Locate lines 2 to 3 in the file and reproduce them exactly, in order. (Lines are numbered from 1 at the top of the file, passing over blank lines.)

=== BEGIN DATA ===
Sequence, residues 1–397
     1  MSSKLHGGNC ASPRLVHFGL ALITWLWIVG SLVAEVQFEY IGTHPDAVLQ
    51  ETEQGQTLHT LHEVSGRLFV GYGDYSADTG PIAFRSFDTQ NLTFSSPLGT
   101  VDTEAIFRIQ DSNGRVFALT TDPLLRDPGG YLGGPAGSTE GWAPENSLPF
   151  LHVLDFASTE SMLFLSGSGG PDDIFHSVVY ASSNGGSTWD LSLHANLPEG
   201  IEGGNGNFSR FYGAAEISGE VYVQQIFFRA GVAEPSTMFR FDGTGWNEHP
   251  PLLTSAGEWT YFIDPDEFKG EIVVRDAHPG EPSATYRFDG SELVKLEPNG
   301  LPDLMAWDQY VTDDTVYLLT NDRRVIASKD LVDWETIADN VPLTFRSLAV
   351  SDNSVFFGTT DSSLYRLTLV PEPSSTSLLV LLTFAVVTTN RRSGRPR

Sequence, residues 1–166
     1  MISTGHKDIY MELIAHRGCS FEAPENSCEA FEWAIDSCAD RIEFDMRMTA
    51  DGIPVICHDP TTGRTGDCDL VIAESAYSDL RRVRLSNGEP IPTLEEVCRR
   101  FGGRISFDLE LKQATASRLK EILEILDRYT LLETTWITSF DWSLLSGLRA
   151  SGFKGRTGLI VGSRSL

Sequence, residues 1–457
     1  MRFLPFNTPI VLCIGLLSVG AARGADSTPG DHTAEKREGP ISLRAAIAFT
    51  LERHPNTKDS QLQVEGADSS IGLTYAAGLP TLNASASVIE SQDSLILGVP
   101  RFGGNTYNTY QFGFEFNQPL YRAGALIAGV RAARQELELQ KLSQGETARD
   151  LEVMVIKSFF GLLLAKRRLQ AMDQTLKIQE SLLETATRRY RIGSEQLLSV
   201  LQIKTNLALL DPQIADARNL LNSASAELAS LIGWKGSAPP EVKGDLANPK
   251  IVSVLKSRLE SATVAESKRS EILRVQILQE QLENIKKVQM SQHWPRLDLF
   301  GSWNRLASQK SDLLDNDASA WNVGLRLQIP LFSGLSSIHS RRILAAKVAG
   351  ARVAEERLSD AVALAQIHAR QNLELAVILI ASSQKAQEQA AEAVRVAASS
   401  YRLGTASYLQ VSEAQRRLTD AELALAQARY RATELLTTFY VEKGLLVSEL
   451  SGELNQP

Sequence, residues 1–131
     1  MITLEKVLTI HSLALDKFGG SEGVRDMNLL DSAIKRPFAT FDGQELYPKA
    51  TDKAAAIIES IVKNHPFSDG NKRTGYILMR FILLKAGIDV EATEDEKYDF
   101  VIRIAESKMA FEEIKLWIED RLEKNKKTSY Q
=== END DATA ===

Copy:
     1  MSSKLHGGNC ASPRLVHFGL ALITWLWIVG SLVAEVQFEY IGTHPDAVLQ
    51  ETEQGQTLHT LHEVSGRLFV GYGDYSADTG PIAFRSFDTQ NLTFSSPLGT